Posted in | Quantum Optics

Elastic Vibrations can Manipulate the Spin States of Optically Active Color Centers in SiC

Researchers from the Paul-Drude-Institut in Berlin, the Helmholtz-Zentrum in Dresden and the Ioffe Institute in St. Petersburg have demonstrated the use of elastic vibrations to manipulate the spin states of optically active color centers in SiC at room temperature.

They show a non-trivial dependence of the acoustically induced spin transitions on the spin quantization direction, which can lead to chiral spin-acoustic resonances. These findings are important for applications in future quantum-electronic devices and have recently been published in Physical Review Letters.

Color centers in solids are optically active crystallographic defects containing one or more trapped electrons. Of special interest for applications in quantum technologies are optically addressable color centers, that is, lattice defects whose electronic spin states can be selectively initialized and read-out using light.

In addition to initialization and read-out, it is also necessary to develop efficient methods to manipulate their spin states, and thus the information stored in them. While this is typically realized by applying microwave fields, an alternative and more efficient method could be the use of mechanical vibrations. Among the different materials for the implementation of such strain-based technologies, SiC is attracting growing attention as a robust material for nano-electromechanical systems with an ultrahigh sensitivity to vibrations that also hosts highly-coherent optically active color centers.

In a recent work published in Physical Review Letters, researches from the Paul-Drude-Institut fuer Festkoerperelektronik, the Helmholtz-Zentrum Dresden-Rossendorf and the Ioffe Institute have demonstrated the use of elastic vibrations to manipulate the spin states of optically active color centers in SiC at room temperature.

In their study, the authors use the periodic modulation of the SiC crystal lattice to induce transitions between the spin levels of the silicon-vacancy center, an optically active color center with spin S=3/2. Of special importance for future applications is the fact that, in contrast to most atom-like light centers, where the observation of strain-induced effects requires cooling the system to very low temperatures, the effects reported here were observed at room temperature.

To couple the lattice vibrations to the silicon-vacancy centers, the authors first selectively created such centers by irradiating the SiC with protons. Then they fabricated an acoustic resonator for the excitation of standing surface acoustic waves (SAW) on the SiC. SAWs are elastic vibrations confined to the surface of a solid that resemble seismic waves created during an earthquake.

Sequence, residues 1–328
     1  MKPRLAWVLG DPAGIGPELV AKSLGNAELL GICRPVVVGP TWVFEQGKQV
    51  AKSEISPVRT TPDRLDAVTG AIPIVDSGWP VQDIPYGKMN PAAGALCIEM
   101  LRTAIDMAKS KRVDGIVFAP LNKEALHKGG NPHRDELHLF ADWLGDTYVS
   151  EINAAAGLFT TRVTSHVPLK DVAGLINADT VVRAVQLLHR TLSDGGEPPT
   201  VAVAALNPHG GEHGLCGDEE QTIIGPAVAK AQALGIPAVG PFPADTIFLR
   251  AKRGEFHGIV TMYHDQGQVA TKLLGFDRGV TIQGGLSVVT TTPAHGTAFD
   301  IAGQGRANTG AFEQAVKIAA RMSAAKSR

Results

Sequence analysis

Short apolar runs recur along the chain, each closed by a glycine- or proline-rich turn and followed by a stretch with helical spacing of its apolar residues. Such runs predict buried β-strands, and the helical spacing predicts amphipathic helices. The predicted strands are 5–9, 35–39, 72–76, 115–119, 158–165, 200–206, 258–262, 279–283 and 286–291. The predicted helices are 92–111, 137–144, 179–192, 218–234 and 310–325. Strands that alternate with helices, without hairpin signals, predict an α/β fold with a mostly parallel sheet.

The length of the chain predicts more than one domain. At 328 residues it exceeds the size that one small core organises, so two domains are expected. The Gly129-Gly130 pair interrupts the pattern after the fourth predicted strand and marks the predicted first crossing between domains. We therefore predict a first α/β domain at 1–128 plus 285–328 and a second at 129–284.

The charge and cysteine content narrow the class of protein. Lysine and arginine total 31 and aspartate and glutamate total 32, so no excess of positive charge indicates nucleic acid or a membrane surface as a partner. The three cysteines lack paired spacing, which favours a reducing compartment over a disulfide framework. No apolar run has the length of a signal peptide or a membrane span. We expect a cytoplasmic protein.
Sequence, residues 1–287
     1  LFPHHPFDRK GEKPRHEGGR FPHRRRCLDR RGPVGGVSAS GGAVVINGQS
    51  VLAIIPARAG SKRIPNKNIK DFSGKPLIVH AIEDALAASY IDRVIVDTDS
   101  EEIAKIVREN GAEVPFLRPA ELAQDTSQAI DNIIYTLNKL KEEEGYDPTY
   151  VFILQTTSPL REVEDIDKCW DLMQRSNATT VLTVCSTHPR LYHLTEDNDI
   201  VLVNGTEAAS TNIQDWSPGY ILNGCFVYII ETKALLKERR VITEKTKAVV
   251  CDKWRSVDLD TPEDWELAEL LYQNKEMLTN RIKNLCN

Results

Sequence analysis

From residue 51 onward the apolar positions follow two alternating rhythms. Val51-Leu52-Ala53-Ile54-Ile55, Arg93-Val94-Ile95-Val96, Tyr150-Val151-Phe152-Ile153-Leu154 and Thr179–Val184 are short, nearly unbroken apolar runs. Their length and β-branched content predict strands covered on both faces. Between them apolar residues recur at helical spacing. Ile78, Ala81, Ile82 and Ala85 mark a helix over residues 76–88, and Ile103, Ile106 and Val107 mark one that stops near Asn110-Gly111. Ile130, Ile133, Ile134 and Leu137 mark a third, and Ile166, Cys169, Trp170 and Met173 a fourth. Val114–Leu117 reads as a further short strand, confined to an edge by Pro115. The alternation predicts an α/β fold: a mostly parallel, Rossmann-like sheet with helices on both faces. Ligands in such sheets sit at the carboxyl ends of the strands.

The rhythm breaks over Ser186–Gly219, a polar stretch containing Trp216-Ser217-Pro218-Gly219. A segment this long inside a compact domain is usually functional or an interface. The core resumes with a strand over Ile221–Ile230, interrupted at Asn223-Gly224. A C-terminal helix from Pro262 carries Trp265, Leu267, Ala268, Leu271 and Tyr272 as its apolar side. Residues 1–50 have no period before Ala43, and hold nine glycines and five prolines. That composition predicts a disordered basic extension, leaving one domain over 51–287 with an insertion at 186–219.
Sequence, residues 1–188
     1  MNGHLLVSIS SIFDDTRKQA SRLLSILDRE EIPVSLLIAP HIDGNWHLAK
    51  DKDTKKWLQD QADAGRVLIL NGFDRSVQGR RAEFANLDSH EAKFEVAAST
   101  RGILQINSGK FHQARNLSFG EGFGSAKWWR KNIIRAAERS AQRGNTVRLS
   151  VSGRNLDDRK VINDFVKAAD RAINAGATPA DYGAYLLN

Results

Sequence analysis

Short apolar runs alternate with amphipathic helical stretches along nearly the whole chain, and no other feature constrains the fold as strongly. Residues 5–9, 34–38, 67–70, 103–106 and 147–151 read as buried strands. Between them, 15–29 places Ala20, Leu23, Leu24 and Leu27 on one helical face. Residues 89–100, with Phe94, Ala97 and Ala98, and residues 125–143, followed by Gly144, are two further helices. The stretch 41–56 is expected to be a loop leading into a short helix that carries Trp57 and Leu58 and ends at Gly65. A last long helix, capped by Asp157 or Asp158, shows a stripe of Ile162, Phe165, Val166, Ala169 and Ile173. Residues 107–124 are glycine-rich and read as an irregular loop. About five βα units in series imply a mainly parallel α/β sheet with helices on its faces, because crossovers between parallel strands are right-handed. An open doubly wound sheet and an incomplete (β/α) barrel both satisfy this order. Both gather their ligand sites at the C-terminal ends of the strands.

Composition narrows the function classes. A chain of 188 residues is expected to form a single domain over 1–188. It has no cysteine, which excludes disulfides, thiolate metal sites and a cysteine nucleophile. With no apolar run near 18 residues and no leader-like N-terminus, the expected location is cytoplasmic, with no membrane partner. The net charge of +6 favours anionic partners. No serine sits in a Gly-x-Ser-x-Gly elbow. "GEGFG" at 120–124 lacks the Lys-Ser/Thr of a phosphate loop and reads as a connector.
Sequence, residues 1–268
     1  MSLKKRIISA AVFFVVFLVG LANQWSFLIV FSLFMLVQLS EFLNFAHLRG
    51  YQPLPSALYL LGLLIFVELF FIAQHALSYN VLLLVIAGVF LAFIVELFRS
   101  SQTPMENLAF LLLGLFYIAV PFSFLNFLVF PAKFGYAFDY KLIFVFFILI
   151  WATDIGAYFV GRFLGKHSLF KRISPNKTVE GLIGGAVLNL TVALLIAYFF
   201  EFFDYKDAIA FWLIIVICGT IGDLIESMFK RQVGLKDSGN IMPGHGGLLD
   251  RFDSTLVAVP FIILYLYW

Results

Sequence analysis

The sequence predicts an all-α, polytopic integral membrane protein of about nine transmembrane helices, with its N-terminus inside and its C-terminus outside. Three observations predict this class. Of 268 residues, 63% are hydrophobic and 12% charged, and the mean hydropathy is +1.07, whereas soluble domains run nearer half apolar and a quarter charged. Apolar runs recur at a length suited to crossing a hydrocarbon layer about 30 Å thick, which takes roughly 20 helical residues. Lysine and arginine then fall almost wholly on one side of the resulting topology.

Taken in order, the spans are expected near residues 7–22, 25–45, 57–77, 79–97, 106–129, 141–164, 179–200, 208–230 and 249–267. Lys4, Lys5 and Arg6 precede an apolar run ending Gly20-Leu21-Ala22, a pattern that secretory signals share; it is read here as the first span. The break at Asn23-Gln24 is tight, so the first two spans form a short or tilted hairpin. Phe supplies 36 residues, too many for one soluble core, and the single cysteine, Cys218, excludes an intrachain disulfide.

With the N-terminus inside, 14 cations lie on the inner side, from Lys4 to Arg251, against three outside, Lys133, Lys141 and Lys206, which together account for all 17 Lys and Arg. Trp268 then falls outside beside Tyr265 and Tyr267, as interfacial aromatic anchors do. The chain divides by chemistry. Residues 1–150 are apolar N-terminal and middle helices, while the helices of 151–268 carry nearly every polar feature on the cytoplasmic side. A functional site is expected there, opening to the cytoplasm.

When the frequency of the SAW matches the resonant frequencies of the color centers, the electrons trapped in them can use the energy of the SAW to jump between the different spin sublevels. Due to the special nature of the spin-strain coupling, the SAW can induce jumps between spin states with magnetic quantum number differences Δm=±1 and Δm=±2, while microwave-induced ones are restricted to Δm=±1. This allows to realize full control of the spin states using high-frequency vibrations without the aid of external microwave fields.

In addition, due to the intrinsic symmetry of the SAW strain fields combined with the peculiar properties of the half-integer spin system, the intensity of such spin transitions depends on the angle between SAW propagation and spin quantization directions, which can be controlled by an external magnetic field. Moreover, the authors predict a chiral spin-acoustic resonance under traveling SAWs. This means that, under certain experimental conditions, the spin transitions can be switched on or off by inverting the magnetic field or the SAW propagation direction.

These findings establish silicon carbide as a highly promising hybrid platform for on-chip spin-optomechanical quantum control enabling engineered interactions at room temperature.

Source: http://www.fv-berlin.de/

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